Safer. Aren't you a safety guy? So the the other thing, too, I guess I would think about is when you said discussions in sharing information, even if, you know, maybe some of our customers hear that another their competitor has adopted some of these technologies that may seem pretty risky or difficult to overcome. And you might think, oh, if they can do it, maybe it isn't as much of a risk.

00;15;28;15 - 00;15;41;11

Carrie Lee

So some of that collaboration between competitors articles like this or staying in touch with trends can always help that way to to help increase adoption of new technologies.

00;15;42;04 - 00;16;00;14

Kenny Heidel

Absolutely. Absolutely. And even customers may. Yeah. Like you said, competitors looking for a competitive advantage even like if if that competitor if their competitor is not implemented something like this, then maybe it's time to look at that because it gives them new value that they can provide to their customers. Right.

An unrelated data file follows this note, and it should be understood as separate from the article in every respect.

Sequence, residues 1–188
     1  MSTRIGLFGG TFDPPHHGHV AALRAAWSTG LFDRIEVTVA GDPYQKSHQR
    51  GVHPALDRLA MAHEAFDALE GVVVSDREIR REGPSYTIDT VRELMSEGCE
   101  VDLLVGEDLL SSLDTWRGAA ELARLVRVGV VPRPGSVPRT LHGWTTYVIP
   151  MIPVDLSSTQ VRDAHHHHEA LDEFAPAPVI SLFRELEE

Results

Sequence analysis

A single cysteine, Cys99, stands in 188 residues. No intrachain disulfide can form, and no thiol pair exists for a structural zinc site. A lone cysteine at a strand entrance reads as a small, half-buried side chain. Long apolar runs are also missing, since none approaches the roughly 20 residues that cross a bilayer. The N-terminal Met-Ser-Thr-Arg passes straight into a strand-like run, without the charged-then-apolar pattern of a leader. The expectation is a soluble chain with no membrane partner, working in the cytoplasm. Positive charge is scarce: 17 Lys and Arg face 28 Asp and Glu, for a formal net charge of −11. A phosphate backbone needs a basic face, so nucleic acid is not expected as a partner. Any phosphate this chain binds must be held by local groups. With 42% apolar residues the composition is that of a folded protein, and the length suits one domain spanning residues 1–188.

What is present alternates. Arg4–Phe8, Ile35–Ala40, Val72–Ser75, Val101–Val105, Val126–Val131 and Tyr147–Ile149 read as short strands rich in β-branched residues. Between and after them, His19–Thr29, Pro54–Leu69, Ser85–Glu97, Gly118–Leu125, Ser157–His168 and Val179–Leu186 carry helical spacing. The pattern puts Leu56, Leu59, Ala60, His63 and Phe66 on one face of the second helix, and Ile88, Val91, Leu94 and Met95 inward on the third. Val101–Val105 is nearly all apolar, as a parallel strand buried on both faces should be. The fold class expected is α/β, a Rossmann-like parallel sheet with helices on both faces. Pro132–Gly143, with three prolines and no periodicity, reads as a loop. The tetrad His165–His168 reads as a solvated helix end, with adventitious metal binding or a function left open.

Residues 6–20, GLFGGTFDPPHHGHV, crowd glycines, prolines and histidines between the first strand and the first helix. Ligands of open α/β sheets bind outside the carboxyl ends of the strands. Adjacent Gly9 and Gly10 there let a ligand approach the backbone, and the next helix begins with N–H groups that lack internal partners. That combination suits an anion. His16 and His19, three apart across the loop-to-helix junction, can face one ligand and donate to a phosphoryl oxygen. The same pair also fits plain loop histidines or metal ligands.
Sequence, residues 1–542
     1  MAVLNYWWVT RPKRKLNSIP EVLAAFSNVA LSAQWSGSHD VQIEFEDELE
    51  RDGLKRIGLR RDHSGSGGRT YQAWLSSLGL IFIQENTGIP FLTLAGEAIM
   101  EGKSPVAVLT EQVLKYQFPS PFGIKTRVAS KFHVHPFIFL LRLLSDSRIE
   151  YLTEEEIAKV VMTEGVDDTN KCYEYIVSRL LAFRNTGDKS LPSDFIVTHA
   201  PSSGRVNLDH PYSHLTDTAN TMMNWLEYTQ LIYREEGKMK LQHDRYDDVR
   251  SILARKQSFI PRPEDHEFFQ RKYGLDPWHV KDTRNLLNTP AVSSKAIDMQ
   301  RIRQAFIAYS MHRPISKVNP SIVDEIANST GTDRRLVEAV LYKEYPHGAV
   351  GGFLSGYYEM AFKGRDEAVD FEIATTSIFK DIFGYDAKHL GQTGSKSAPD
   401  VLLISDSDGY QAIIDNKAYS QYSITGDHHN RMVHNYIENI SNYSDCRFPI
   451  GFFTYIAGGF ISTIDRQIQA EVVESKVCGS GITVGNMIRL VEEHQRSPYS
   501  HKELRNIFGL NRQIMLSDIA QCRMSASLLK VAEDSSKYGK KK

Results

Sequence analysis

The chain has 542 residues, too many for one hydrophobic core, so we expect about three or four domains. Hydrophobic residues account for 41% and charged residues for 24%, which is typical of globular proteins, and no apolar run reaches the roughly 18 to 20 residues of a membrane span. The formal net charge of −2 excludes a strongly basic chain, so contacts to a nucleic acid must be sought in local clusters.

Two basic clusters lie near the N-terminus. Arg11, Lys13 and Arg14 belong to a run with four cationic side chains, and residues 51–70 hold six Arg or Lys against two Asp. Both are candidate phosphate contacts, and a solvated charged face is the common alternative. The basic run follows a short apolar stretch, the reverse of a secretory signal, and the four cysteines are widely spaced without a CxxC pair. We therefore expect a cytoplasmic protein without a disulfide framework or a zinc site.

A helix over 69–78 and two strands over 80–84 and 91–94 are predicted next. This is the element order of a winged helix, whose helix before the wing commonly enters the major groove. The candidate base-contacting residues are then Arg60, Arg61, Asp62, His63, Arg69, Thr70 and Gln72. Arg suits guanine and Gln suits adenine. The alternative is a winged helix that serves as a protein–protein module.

00;16;00;26 - 00;16;16;05

Carrie Lee

ear, what would you want on a:

00;16;16;05 - 00;16;36;17

Kenny Heidel

I think what I would want to see is something along the lines of a fully incorporated factory, maybe not necessarily the dark factory like we've heard about where it's completely autonomous, but something a little bit more on the lines of that. The the new trend moving forward is to make sure that all the machines are connected, all the machines are creating data, all of that.

00;16;36;17 - 00;17;15;19

Kenny Heidel

Like there's a full connection in a full manufacturing process that manufacturers are really pushing for in the machines that they're purchasing, that they're interoperable, that they're they're all pushing information to each other so that ultimately then they can evaluate their process and look at the data coming out and saying, how do we optimize this even more? I think with the the less skilled labor that's in the market right now and a lot of people that are the skilled labor that are retiring, I think the more information people can get from their their machines on the plant floor and start to look at it and analyze it and, you know, kind of in that in that

00;17;15;19 - 00;17;29;16

Kenny Heidel